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Publication numberUS7742250 B2
Publication typeGrant
Application numberUS 11/652,867
Publication dateJun 22, 2010
Filing dateJan 12, 2007
Priority dateJan 12, 2007
Fee statusPaid
Also published asUS20080170315
Publication number11652867, 652867, US 7742250 B2, US 7742250B2, US-B2-7742250, US7742250 B2, US7742250B2
InventorsJeff Nelson, Farhad Navid, Richard Martin, Anton Viktorovich Goldade
Original AssigneeSeagate Technology Llc
Export CitationBiBTeX, EndNote, RefMan
External Links: USPTO, USPTO Assignment, Espacenet
Spectral analysis of a position error signal
US 7742250 B2
Abstract
The present disclosure is directed to spectral analysis of a position error signal. In a particular embodiment, the method includes analyzing a spectral content of a position error signal. The method also includes comparing the spectral content to a threshold. Further, the method includes determining a result based on the comparing the spectral content to the threshold. In another particular embodiment, the spectral content of the position error signal is determined by performing a discrete fourier transform (DFT) on the error signal, determining a magnitude of the DFT output, and low pass filtering the magnitude.
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Claims(19)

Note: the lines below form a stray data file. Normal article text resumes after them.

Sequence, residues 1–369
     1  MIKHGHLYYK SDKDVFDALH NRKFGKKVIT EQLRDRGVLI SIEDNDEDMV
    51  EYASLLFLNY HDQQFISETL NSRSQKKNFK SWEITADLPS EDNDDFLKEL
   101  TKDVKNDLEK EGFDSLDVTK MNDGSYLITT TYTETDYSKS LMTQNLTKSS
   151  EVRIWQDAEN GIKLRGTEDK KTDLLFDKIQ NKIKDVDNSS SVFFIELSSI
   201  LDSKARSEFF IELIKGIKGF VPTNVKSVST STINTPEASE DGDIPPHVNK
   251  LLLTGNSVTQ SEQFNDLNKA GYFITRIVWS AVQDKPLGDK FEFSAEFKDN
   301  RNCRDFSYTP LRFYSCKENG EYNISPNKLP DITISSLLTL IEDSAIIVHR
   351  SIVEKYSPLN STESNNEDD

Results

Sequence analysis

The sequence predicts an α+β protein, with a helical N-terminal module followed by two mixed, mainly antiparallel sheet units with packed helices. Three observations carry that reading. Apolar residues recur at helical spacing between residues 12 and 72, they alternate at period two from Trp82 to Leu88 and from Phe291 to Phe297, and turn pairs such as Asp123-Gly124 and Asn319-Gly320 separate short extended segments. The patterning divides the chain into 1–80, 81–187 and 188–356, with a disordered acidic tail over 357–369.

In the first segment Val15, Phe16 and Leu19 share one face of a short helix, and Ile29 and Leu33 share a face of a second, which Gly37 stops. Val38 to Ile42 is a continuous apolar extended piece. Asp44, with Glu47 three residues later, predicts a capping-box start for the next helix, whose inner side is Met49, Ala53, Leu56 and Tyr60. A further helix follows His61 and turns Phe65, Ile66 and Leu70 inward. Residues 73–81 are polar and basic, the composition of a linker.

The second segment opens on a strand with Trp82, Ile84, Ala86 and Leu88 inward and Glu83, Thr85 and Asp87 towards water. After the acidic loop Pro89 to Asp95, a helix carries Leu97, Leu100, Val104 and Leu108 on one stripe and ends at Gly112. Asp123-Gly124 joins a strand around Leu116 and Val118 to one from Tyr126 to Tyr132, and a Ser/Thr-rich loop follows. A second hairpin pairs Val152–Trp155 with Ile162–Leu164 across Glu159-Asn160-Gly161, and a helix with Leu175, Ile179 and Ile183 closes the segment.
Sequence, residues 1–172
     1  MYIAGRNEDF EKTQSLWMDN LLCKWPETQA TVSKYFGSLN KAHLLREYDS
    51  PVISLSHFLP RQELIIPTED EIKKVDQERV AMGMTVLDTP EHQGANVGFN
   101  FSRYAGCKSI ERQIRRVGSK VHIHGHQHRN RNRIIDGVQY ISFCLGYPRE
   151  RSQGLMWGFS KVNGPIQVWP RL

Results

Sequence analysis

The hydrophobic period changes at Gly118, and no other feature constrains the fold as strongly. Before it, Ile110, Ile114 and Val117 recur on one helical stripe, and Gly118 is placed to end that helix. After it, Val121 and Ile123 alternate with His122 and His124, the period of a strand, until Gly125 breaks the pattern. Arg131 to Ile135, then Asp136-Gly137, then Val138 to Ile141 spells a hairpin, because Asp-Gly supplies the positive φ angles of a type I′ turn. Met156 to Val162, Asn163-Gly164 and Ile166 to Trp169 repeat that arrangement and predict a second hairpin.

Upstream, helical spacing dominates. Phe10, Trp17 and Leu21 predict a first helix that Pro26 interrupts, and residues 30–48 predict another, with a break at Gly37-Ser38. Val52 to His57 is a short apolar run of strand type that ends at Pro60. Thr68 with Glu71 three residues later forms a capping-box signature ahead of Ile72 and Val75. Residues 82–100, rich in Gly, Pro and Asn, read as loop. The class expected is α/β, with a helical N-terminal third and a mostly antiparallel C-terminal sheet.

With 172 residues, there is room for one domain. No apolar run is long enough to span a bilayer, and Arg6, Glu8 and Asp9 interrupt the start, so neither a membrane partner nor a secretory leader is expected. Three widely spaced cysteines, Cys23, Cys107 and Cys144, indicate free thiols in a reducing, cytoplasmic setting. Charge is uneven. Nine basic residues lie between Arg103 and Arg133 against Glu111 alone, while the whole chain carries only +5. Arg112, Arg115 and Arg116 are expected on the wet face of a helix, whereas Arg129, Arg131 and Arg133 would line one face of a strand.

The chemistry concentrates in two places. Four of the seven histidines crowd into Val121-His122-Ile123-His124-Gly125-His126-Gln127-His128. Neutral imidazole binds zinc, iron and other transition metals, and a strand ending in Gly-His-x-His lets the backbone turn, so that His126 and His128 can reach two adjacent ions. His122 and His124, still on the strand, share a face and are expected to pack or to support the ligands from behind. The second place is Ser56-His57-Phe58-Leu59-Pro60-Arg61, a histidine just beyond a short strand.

1. A method comprising:
analyzing a spectral content of a position error signal;
comparing the spectral content to a threshold;
determining a result based on the comparing the spectral content to the threshold; and
detecting contact between a transducer and a data storage medium based on the result, wherein analyzing the spectral content further comprises analyzing at least one magnitude of at least one frequency spectra of the position error signal and wherein the contact between the transducer and the data storage medium is detected when the result indicates the at least one magnitude is greater than the threshold.
2. The method of claim 1, further comprising filtering the at least one magnitude with a low pass filter.
3. The method of claim 1, further comprising detecting contact between the transducer and the data storage medium when the result indicates the spectral content is greater than the threshold.
4. The method of claim 3, wherein the method of detecting contact is performed continuously during operation of a data storage device.
5. The method of claim 3, further comprising providing a real-time feedback signal in a data storage device to determine the result, wherein the real-time feedback signal monitors a transducer's operating performance.
6. The method of claim 5, wherein the transducer's operating performance is a distance between the transducer and a data storage medium.
7. The method of claim 6, wherein more than one frequency spectra are analyzed simultaneously.
8. The method of claim 1, wherein the threshold is a fixed threshold.